Northern Virginia Must Aggressively Tout Private-Sector Jobs to Lure the College-Educated

Yahoo Contributor Network

A Brookings Institution study shows the gap is widening between metro areas that boast a large number of college-educated residents and those that increasingly have fewer. Yahoo! News asked contributors from cities around the nation to propose solutions on how their cities can attract and keep college graduates -- and what they're doing well.

NORTHERN VIRGINIA

To bulk up its attractiveness a hub for skilled college grads, Northern Virginia must continue to look beyond the public sector and further focus on private-sector growth. According to a George Mason University paper in 2011, over the past 30 years, Northern Virginia has transformed into a region spurred on by private-sector growth. This needs to continue.

I'm a resident of Northern Virginia, a metropolitan region nationally recognized for its high-salary earning, highly educated population. Located just outside of Washington, D.C., we're home to the state's largest public, four-year higher education institution, George Mason, and its largest community college campus, Northern Virginia Community College.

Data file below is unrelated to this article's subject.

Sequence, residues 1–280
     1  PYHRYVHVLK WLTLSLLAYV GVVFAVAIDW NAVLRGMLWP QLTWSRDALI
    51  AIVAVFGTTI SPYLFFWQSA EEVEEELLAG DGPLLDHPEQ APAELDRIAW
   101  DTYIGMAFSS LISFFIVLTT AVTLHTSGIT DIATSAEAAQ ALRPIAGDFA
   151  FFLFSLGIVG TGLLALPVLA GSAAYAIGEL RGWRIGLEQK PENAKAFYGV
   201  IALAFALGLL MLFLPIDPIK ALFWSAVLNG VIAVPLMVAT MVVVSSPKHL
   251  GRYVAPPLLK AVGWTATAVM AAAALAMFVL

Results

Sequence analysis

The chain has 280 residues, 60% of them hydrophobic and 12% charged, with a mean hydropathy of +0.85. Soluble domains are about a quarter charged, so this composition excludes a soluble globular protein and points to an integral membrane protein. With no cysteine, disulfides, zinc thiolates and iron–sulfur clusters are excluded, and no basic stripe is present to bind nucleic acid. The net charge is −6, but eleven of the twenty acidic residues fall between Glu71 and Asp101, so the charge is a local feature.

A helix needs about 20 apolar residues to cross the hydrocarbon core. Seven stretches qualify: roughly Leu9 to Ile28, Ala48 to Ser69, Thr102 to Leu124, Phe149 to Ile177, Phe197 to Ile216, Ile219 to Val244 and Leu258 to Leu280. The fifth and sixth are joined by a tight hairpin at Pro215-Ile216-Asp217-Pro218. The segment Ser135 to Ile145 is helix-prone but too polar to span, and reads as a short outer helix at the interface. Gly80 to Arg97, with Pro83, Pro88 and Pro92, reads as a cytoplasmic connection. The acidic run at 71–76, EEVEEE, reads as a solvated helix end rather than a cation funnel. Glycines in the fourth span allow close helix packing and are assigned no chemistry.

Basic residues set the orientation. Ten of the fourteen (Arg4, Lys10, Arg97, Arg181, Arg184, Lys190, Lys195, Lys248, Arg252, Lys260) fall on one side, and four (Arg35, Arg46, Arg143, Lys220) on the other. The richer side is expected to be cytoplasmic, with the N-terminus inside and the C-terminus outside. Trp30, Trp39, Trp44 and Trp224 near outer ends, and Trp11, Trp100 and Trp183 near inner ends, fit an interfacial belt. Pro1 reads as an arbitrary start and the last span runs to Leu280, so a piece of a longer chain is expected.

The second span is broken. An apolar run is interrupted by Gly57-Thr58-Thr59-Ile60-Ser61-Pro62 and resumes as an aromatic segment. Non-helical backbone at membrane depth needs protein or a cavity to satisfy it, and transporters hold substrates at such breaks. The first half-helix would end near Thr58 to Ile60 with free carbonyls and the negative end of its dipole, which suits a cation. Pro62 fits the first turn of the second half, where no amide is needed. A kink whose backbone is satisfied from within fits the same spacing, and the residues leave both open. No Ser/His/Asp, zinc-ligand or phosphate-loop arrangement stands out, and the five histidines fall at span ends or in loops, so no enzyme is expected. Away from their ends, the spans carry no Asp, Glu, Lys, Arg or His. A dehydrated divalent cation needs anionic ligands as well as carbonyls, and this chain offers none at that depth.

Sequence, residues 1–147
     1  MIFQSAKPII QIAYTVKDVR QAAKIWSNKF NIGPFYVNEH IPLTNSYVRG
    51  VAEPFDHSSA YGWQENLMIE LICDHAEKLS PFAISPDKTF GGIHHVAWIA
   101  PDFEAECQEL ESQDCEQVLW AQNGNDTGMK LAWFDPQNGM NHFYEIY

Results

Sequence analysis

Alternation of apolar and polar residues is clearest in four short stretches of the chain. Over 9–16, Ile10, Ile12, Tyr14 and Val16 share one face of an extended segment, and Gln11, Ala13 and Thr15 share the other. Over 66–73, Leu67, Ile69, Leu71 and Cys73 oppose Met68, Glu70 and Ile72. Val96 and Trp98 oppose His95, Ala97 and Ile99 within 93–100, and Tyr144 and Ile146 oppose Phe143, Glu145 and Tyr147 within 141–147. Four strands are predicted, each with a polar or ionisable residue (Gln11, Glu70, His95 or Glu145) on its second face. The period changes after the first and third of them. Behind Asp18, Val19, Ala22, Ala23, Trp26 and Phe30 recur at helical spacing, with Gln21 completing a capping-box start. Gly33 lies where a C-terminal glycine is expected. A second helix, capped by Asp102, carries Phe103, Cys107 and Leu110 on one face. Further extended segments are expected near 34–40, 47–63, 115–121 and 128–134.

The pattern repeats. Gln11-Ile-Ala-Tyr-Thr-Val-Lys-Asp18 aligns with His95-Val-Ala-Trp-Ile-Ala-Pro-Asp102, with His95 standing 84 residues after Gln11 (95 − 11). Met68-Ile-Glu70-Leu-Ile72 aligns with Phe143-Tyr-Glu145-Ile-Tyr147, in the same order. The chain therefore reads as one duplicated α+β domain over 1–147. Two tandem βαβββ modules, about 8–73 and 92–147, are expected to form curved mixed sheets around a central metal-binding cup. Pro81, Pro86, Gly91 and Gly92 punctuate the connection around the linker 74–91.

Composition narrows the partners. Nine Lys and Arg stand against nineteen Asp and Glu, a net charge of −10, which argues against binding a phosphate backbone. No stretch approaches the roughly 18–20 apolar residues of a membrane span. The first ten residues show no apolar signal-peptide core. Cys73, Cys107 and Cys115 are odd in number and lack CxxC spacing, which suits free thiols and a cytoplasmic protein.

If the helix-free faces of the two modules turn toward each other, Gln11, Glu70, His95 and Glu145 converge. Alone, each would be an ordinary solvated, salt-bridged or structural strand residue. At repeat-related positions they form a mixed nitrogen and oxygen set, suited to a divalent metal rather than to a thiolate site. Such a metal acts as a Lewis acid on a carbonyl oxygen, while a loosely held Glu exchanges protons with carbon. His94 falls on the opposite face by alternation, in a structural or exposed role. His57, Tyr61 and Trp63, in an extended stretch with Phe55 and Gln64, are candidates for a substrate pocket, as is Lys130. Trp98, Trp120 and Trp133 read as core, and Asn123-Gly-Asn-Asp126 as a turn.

Traditionally, the suburban region's college graduates have found entry-level positions (with upward mobility) within federal government agencies located inside Washington and its suburbs.

Students with complete private-sector employment aspirations, however, have not been so fortunate. In Northern Virginia, government contracting agencies comprise the majority of private-sector businesses , and such companies fall prey to economic ups and downs. The problem leaves some college graduates, who remain in the area, competing alongside unskilled labor for low-paying, dead-end jobs. Others simply relocate.

To keep and attract a college-educated workforce, Northern Virginia should look at the records of innovative companies like Oracle and America Online; the region already has a track record of growing successful private-sector businesses. The current slump in the area's commercial real estate market presents an exceptional opportunity for companies interested in relocating to cut operational costs, and gain access to educated workers, to grow and compete on a global scale.

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